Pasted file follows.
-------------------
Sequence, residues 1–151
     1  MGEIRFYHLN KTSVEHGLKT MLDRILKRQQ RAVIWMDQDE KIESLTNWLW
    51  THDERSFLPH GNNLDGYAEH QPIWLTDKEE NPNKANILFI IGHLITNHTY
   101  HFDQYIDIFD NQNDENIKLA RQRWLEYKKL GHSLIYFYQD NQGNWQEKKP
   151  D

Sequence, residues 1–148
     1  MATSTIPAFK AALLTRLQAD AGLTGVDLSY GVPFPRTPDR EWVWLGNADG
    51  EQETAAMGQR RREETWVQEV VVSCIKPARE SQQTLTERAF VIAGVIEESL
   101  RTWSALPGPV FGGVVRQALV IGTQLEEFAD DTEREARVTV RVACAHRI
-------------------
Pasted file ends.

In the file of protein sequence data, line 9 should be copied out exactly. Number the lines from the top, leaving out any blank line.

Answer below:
   101  RTWSALPGPV FGGVVRQALV IGTQLEEFAD DTEREARVTV RVACAHRI